• Three meals a day served in a common dining area
  • Housekeeping services
  • Transportation
  • Assistance with eating, bathing, dressing, toileting, and walking
  • Access to health and medical services
  • 24-hour security and staff availability
  • Emergency call systems for each resident’s unit
  • Health promotion and exercise programs
  • Medication management
  • Personal laundry services
  • Social and recreational activities

Condominiums:

These residences are usually in a garden, mid-rise, or high rise building. The area inside the unit is maintained by the owner, but the area outside the unit is maintained through a condominium association which charges each owner a monthly fee to maintain the property and common areas. Condominiums may be age-restricted to 55 or better, or may be in an urban or suburban area and  include a mix of ages.

For more information about Considering Condominium Living, click here.

NORC:

Naturally Occurring  Retirement Communities are those where seniors sell their homes and move to an apartment. These apartments have a high proportion of people over the age of 65. They enjoy the lack of maintenance and the “lock and leave” freedom this type of housing provides.

ECHO:

Elder Cottage Housing Opportunity, also known as a granny flat. Seniors occupy a second family living unit or apartment with a separate entrance.

CCRCs:

These communities offer life care and provide the senior with an independent lifestyle. The community requires a buy-in, or an up-front annuity with monthly payments covering services, amenities and medical, as needed. The buy-in may or may not be refundable. The CCRC provides multiple levels of care, without the uncertainty of what will happen to you as you age. You enter as an independent adult. Care levels may include assisted living, alzheimers care, nursing care, and hospice. Everyone lives on the same grounds and move from one housing choice to another as their needs change. This option is very expensive but the resident is guaranteed lifetime shelter and care with a contract that spells out the housing and care obligations of the CCRC as well as its costs.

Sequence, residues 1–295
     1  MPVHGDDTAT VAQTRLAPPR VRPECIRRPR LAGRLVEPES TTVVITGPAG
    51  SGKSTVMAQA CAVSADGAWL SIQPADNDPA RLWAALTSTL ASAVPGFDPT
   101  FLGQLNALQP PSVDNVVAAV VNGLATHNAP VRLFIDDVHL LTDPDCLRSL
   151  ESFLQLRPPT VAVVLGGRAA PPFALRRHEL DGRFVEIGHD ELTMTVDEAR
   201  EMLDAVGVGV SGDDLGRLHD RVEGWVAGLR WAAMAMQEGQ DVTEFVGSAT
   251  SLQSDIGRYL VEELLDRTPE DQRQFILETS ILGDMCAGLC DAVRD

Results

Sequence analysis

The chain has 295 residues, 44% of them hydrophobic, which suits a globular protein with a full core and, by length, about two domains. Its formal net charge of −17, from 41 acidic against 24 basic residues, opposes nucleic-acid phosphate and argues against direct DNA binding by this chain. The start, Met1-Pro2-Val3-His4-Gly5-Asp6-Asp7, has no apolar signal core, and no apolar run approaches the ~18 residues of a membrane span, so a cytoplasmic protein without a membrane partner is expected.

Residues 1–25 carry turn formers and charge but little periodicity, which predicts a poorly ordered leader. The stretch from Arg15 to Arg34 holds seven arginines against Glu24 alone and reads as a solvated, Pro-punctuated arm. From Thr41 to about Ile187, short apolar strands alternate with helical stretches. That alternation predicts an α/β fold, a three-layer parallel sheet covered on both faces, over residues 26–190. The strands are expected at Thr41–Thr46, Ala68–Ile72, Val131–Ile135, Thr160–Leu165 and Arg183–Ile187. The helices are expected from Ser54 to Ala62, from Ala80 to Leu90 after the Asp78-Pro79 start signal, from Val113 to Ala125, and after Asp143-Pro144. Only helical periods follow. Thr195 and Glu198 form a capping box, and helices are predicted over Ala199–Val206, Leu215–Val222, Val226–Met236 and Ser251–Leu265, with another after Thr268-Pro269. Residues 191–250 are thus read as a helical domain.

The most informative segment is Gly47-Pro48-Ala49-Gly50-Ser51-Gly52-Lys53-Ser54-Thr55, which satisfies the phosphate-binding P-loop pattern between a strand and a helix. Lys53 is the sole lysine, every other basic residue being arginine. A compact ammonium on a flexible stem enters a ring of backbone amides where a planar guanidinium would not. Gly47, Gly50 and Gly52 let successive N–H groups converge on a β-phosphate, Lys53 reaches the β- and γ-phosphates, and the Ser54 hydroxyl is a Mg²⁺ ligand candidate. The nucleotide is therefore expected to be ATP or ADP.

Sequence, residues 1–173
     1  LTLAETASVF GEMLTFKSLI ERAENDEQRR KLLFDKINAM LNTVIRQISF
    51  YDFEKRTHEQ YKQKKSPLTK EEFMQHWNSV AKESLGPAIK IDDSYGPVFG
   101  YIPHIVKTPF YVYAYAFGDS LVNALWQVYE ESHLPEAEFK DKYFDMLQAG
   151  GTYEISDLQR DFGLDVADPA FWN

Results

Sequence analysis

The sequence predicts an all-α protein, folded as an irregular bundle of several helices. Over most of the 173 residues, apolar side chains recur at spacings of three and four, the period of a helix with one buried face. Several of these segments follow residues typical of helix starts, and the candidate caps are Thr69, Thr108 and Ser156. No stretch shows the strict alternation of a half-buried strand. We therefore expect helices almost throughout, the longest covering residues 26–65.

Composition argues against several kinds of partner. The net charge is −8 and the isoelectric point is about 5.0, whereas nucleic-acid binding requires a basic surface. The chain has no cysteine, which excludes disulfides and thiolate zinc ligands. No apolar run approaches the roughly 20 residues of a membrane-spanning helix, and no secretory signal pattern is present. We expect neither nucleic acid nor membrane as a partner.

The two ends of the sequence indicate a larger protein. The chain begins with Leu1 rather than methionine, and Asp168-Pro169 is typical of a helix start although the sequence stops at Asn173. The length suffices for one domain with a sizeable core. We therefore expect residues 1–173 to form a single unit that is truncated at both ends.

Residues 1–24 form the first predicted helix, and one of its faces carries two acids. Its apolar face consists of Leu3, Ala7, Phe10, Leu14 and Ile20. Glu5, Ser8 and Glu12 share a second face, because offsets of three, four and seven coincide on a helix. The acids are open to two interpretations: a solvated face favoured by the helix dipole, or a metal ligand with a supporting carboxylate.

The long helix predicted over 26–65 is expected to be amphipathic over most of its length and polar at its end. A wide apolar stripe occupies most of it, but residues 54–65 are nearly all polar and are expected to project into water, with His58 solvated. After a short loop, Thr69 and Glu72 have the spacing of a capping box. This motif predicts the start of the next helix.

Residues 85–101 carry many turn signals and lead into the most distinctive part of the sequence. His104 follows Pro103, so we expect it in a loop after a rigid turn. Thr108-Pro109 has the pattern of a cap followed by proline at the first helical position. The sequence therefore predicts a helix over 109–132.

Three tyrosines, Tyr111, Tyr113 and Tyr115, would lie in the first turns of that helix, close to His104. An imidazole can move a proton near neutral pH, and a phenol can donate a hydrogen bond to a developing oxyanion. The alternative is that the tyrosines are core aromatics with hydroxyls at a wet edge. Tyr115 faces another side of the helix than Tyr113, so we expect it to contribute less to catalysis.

Housing for active adults may be an apartment, cottage, cluster home, or single family home. There are monitored emergency call systems, grab bars, and other safety features.

Assisted living units may be small studio or one-bedroom apartments with scaled down kitchens. There is often a group dining area and common areas for social and recreational activities. Residents may need some assistance in daily living but want to maintain their independence as long as possible.

Nursing care units are usually one room housing two or more persons with an attached bathroom. Residents may require skilled nursing care and may benefit from therapy to maintain or improve their abilities.

The cost for this type of housing is very high and unaffordable to those with lower incomes. Several fee schedules are available:

  • Extensive contracts which include unlimited long-term nursing care with little or no increase in the monthly fee
  • Modified contracts that include a specified amount of long-term nursing care. Beyond that specified time, you are responsible for payments.
  • Fee-for-Service contracts in which you pay full daily rates for long-term nursing care

Most of the CCRCs require a medical examination to assess the applicant’s physical and mental status. Selected pre-existing conditions may cause a CCRC to refuse an applicant. And they must have the financial ability to pay.